WASHINGTON (AP) -- With the fate of Ukraine and potentially broader post-Cold War European stability at stake, the United States and Russia are holding critical strategic talks that could shape the future of not only their relationship but the relationship between the U.S. and its NATO allies. Prospects are bleak.
Though the immediacy of the threat of a Russian invasion of Ukraine will top the agenda in a series of high-level meetings that get underway today, there is a litany of festering but largely unrelated disputes, ranging from arms control to cybercrime and diplomatic issues, for Washington and Moscow to overcome if tensions are to ease. And the recent deployment of Russian troops to Kazakhstan may cast a shadow over the entire exercise.
With much at risk and both warning of dire consequences of failure, the two sides have been positioning themselves for what will be a nearly unprecedented flurry of activity in Europe this week. Yet the wide divergence in their opening positions bodes ill for any type of speedy resolution, and levels of distrust appear higher than at any point since the collapse of the Soviet Union.
Secretary of State Antony Blinken said bluntly Sunday he doesn't expect any breakthroughs in the coming week. Instead, he said a more likely positive outcome would be an agreement to de-escalate tensions in the short term and return to talks at an appropriate time in the future. But the U.S. will have to see a de-escalation for there to be actual progress.
"It's very hard to see that happening when there's an ongoing escalation when Russia has a gun to the head of Ukraine with 100,000 troops near its borders, the possibility of doubling that on very short order," Blinken said on ABC's "This Week."
U.S. officials Saturday unveiled some details of the administration's stance, which seem to fall well short of Russian demands. The officials said the U.S. is open to discussions on curtailing possible future deployments of offensive missiles in Ukraine and putting limits on American and NATO military exercises in Eastern Europe if Russia is willing to back off on Ukraine.
But they also said Russia will be hit hard with economic sanctions should it intervene in Ukraine. In addition to direct sanctions on Russian entities, those penalties could include significant restrictions on products exported from the U.S. to Russia and potentially foreign-made products subject to U.S. jurisdiction.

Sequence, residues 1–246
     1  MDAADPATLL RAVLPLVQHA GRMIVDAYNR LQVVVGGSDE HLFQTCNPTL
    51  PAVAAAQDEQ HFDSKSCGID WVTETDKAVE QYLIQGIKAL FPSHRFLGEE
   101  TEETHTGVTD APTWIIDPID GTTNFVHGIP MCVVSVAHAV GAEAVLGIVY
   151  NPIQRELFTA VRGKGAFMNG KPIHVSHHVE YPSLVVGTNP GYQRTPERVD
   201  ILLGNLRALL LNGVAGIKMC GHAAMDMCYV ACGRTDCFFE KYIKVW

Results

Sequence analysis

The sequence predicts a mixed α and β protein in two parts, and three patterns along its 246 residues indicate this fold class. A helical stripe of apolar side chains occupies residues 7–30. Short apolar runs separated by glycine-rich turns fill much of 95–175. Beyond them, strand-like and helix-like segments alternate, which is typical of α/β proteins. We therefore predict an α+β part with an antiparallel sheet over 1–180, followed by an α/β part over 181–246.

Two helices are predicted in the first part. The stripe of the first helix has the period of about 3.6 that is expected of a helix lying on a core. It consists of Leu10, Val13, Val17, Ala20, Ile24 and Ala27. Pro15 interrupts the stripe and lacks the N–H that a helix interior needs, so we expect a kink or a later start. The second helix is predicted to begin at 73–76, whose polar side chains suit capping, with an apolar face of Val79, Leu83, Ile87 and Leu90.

Russian Deputy Foreign Minister Sergei Ryabkov, who will lead Russia's delegation at the Geneva talks, responded harshly to Blinken's statment.
"Demands of the United States and other NATO countries that we carry out some de-escalation measures on our territory are excluded from the discussion. This is a non-starter in the literal sense of the word," Ryabkov said in an interview with the Tass news agency.
Russia wants the talks initially to produce formally binding security guarantees for itself with a pledge NATO will not further expand eastward and the removal of U.S. troops and weapons from parts of Europe. But the U.S. and its allies said those are non-starters intentionally designed by Moscow to distract and divide. They insist any Russian military intervention in Ukraine will prompt "massive consequences" that will dramatically disrupt Russia's economy even if they have global ripple effects.
In a bid to forestall efforts by Russia to sow discord in the West, the Biden administration has stressed neither Ukraine nor Europe more broadly will be excluded from any discussion of Ukraine's or Europe's security.
Biden administration officials allow neither topic can be entirely ignored when senior American and Russian diplomats sit down today in Geneva ahead of larger, more inclusive meetings in Brussels and Vienna on Wednesday and Thursday that will explore those issues in perhaps more depth.
Still, the mantras "nothing about Ukraine without Ukraine" and "nothing about Europe without Europe" have become almost cliche in Washington in recent weeks, and senior U.S. officials have said they expect Russia to lie about the content of today's meeting to try to stoke divisions.